With regard to this Essay itself, I have not much to say. The insufficiencies of our Author. The business of it is therefore rather to overthrow than to set up; which latter task can seldom be performed to any great advantage where the former is the principal one.

To guard against the danger of misrepresentation, and to make sure of doing our Author no injustice, his own words are given all along: and, as scarce any sentence is left unnoticed, the whole comment wears the form of what is called a perpetual one. With regard to a discourse that is simply institutional, and in which the writer builds upon a plan of his own, a great part of the satisfaction it can be made to afford depends upon the order and connection that are established between the several parts of it. In a comment upon the work of another, no such connection, or at least no such order, can be established commodiously, if at all. The order of the comment is prescribed by the order, perhaps the disorder, of the text.

The chief employment of this Essay, as we have said, has necessarily been to overthrow. In the little, therefore, which has been done by it in the way of setting up, my view has been not so much to think for the Reader, as to put him upon thinking for himself. This I flatter myself with having done on several interesting topics; and this is all that at present I propose.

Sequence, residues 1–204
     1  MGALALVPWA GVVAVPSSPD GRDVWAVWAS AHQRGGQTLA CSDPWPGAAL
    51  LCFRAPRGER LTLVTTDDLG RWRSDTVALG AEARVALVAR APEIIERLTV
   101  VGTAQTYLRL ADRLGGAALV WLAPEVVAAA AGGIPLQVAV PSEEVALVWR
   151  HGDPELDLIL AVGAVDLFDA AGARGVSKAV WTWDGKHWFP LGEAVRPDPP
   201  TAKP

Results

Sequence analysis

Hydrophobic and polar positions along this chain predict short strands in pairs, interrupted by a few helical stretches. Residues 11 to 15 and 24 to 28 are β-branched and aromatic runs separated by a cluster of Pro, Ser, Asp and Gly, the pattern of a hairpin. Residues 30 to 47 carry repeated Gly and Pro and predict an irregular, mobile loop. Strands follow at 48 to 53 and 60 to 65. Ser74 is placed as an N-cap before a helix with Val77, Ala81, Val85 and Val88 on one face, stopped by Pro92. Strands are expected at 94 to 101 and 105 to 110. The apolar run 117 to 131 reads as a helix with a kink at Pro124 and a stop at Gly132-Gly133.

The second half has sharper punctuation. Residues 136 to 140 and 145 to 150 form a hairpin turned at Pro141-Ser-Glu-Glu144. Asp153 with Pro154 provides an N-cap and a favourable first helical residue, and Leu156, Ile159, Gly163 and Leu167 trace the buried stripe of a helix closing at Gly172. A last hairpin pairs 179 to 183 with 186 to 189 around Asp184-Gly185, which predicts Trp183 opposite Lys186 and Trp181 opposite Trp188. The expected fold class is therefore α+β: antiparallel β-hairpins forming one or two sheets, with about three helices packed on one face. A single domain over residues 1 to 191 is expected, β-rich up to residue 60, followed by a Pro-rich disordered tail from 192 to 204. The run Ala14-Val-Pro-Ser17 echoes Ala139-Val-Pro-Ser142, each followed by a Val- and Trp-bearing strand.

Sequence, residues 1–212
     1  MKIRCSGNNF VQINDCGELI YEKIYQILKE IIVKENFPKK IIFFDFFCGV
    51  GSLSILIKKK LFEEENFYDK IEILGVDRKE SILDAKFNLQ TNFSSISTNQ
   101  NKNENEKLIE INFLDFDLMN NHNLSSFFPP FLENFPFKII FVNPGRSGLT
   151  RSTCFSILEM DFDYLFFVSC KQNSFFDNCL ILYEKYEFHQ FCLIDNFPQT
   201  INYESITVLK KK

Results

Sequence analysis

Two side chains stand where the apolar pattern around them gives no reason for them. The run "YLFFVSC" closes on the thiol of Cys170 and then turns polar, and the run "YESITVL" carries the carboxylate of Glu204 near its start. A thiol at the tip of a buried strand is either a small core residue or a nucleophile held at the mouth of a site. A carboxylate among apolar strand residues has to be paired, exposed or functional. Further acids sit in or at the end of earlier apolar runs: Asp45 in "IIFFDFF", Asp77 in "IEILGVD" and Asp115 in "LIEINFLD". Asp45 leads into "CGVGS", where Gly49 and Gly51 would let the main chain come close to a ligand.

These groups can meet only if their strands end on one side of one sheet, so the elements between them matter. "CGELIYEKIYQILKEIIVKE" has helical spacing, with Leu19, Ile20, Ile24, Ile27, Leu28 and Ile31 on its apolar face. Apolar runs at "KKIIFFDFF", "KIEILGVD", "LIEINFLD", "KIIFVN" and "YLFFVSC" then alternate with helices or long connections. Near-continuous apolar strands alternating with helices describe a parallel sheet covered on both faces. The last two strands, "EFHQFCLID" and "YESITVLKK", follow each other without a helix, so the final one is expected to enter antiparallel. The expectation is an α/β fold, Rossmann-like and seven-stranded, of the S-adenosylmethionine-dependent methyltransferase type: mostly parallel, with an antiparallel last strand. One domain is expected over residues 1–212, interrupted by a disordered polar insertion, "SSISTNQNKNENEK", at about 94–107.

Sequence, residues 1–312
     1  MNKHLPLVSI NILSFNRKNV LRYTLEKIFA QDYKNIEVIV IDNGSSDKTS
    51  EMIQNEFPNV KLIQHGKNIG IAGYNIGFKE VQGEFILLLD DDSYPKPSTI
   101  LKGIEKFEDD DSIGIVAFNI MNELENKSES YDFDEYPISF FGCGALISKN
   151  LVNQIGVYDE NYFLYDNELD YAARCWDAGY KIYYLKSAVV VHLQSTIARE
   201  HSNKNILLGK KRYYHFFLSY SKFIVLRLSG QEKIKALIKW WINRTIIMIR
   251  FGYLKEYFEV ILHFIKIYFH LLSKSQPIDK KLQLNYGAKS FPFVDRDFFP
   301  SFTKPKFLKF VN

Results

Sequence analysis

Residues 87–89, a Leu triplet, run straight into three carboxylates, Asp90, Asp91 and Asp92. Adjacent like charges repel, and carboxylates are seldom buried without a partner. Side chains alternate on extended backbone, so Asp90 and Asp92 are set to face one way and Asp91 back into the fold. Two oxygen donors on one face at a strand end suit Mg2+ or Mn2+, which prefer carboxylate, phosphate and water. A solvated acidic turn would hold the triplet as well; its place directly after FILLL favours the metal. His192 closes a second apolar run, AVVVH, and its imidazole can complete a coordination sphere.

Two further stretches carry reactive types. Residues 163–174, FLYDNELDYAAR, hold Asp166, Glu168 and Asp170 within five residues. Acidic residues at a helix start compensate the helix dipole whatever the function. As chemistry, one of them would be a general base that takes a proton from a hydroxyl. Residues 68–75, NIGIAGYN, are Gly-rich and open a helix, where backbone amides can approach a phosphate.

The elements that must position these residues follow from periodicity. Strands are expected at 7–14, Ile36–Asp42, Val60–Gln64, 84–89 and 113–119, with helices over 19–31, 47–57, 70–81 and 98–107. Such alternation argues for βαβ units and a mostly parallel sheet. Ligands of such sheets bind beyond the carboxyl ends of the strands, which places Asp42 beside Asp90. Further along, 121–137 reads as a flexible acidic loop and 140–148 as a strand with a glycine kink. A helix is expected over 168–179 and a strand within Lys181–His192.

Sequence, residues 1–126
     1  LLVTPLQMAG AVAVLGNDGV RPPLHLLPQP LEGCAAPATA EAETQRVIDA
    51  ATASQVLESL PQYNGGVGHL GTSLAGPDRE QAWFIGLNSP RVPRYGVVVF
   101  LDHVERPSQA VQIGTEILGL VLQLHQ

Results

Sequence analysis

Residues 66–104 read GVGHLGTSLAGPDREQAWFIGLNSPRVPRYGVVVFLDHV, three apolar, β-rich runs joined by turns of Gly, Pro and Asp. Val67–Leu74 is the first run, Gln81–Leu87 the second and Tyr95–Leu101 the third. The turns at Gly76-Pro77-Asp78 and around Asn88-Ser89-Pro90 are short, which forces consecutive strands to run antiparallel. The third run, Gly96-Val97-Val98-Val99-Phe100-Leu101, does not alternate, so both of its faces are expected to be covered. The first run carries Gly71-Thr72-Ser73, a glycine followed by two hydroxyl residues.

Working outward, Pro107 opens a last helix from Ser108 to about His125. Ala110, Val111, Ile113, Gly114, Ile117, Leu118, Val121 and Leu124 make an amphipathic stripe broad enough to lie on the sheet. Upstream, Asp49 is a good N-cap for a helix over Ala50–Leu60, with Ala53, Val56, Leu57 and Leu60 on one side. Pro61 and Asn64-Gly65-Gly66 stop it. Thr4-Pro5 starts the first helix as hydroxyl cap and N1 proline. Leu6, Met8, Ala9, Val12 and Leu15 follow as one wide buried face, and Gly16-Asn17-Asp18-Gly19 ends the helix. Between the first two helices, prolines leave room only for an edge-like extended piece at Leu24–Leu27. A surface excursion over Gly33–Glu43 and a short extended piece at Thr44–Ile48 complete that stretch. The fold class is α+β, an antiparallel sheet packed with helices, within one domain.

Among the few positions of my own which I have found occasion to advance, some I observe which promise to be far from popular. These it is likely may give rise to very warm objections: objections which in themselves I do not wonder at, and which in their motive I cannot but approve. The people are a set of masters whom it is not in a man's power in every instance fully to please, and at the same time faithfully to serve. He that is resolved to persevere without deviation in the line of truth and utility, must have learnt to prefer the still whisper of enduring approbation, to the short-lived bustle of tumultuous applause.

Other passages too there may be, of which some farther explanation may perhaps not unreasonably be demanded. But to give these explanations, and to obviate those objections, is a task which, if executed at all, must be referred to some other opportunity. Consistency forbad our expatiating so far as to lose sight of our Author: since it was the line of his course that marked the boundaries of ours.


  1. I add here the word `institutions', for the sake of including rules of Common Law, as well as portions of Statute Law.
  2. Membra Condividnitul SAUND. Log. L. I. c. 46.